VW May Be Planning to Create Its Strangest GTI Model Yet

Volkswagen is entering a brave new crossover-centric world.

New-Tiguan-Gear-Patrol-Lead-Full
Volkswagen AG

Volkswagen is planning for an electric future. But the company’s present is the Tiguan compact crossover — which just overtook the Golf as the company’s best-selling vehicle globally. VW sold nearly 110,000 of them in the U.S. last year, compared to less than 6,000 copies of the base Golf.

The natural move for Volkswagen in the U.S., as it pares down its Golf-based offerings, would be to expand the Tiguan stable. A report from CarBuzz suggests we could see a GTI version of the Tiguan down the road as a way to bolster that lineup. When asked about the potential for a Tiguan performance model, Hein Schafer, VW’s senior VP for marketing and strategy, responded directly: “I think the answer is yes.”

Now, reports have claimed that Volkswagen is working on a Tiguan R performance model. That said, the prototypes spotted have been based on the short-wheelbase Tiguan; America, regrettably, only gets the long-wheelbase version. But bumping the power output from the Tiguan’s 2.0-liter turbo engine to GTI levels, rather than R heights, would make more sense, at least in our books. Besides, VW clearly values the GTI branding; indeed, the Golf GTI it may be the only eighth-generation Golf variant that survives in the U.S.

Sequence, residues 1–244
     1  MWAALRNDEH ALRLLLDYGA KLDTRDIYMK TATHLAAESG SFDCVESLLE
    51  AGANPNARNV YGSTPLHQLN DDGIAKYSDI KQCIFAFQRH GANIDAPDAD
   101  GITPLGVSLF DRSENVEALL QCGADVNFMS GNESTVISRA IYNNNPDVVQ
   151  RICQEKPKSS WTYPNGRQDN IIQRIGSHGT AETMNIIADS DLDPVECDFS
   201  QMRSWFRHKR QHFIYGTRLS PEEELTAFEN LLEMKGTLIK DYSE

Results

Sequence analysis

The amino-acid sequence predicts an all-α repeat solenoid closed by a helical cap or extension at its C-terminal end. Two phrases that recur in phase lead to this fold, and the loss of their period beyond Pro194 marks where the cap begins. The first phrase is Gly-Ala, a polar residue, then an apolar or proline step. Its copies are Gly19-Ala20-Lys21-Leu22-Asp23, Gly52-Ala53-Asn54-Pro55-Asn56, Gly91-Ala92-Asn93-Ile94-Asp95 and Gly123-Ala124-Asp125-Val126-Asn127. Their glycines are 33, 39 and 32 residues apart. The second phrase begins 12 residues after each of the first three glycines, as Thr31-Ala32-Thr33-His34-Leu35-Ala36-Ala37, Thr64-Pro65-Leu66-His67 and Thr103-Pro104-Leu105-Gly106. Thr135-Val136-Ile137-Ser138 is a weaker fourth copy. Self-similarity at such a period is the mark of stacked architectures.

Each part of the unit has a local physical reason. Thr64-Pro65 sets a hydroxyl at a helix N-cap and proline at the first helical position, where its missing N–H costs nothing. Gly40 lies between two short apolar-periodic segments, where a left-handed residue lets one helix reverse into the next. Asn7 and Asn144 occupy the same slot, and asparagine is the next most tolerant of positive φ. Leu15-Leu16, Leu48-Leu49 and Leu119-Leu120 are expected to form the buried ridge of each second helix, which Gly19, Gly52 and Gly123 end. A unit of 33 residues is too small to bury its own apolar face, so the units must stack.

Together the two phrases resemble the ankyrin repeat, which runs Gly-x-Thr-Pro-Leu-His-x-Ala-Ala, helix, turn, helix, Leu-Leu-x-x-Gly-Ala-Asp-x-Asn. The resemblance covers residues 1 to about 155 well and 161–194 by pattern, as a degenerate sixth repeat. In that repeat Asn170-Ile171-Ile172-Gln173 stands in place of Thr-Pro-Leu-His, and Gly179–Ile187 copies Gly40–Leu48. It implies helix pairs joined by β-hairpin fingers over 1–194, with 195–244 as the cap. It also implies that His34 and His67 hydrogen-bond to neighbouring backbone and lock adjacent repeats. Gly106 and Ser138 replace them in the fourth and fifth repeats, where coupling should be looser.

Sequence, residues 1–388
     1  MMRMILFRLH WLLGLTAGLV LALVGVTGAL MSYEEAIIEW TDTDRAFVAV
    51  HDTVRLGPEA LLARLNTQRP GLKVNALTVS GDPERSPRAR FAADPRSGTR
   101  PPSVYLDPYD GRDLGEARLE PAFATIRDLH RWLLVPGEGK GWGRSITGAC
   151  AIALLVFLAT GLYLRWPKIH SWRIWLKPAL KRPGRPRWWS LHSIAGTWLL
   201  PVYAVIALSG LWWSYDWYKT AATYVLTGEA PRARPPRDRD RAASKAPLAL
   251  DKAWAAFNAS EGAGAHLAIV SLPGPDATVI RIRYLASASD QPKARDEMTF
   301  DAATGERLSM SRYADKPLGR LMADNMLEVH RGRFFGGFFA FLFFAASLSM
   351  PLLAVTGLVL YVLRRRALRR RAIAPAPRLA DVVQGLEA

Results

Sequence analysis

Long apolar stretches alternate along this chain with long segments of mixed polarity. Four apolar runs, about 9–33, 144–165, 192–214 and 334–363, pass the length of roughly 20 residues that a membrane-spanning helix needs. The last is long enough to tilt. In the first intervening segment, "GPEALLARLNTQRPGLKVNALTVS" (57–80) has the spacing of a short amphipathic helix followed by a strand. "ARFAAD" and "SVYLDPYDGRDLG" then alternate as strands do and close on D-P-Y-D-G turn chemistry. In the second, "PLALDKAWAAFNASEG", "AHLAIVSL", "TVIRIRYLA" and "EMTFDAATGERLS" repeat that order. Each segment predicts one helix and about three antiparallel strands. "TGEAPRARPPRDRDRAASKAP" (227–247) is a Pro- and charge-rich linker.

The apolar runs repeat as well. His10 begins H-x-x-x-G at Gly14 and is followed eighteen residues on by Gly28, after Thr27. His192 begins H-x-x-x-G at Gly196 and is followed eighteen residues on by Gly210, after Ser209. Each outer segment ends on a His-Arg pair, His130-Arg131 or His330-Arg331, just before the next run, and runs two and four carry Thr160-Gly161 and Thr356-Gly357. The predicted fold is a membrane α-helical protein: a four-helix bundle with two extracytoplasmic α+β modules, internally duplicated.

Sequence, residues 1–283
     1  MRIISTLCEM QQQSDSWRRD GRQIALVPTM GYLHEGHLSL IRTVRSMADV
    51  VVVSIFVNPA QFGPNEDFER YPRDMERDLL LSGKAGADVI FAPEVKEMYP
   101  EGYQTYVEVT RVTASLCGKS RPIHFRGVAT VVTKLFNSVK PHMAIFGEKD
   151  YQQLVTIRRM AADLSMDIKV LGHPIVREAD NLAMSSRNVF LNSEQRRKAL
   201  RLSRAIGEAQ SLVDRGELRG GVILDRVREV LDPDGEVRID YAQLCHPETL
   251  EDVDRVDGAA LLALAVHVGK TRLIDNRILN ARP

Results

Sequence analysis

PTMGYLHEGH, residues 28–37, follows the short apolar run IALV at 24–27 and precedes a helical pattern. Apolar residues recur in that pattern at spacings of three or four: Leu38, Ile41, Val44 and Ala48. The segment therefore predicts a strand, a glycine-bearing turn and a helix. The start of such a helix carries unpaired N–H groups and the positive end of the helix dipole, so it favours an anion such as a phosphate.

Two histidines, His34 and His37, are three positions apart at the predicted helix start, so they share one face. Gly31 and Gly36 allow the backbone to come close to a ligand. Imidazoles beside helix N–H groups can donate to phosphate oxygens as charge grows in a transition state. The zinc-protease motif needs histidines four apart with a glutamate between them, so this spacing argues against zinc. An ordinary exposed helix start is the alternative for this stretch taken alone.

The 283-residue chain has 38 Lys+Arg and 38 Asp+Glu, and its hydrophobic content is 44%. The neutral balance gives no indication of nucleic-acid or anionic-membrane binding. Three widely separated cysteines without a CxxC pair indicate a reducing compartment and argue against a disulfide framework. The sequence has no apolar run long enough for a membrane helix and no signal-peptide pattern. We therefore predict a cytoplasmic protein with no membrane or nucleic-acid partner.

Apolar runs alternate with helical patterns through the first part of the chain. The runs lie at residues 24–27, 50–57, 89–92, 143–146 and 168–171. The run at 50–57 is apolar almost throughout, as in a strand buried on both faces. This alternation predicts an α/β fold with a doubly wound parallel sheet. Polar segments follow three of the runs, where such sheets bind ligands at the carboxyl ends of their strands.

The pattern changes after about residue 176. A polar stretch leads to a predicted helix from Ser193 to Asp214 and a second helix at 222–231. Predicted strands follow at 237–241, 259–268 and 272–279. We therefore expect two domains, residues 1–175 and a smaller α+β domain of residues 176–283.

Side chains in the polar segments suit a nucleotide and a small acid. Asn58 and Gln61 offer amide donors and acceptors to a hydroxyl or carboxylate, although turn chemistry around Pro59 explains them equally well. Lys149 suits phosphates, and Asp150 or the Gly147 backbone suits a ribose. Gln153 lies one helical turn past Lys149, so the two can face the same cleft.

However, there are a couple of hurdles that could make a Tiguan GTI impractical. One is the cost. The Tiguan’s appeal is not just looks and spaciousness, but how affordable it is, starting below $25,000. The top-trim SEL Premium R-Line with all-wheel-drive starts a little below $39,000. Go beyond that, and you’re competing directly with luxury brands like Mercedes-Benz, BMW and VW corporate-cousin Audi.

Another question is whether anyone would want a souped-up VW compact crossover. The Tiguan’s driving dynamics leave much to be desired; the car cries out for some VW precision handling and a bit more power. But the Tiguan’s success despite those concerns undercuts the case for buyers caring enough about driving to make a performance model worthwhile.

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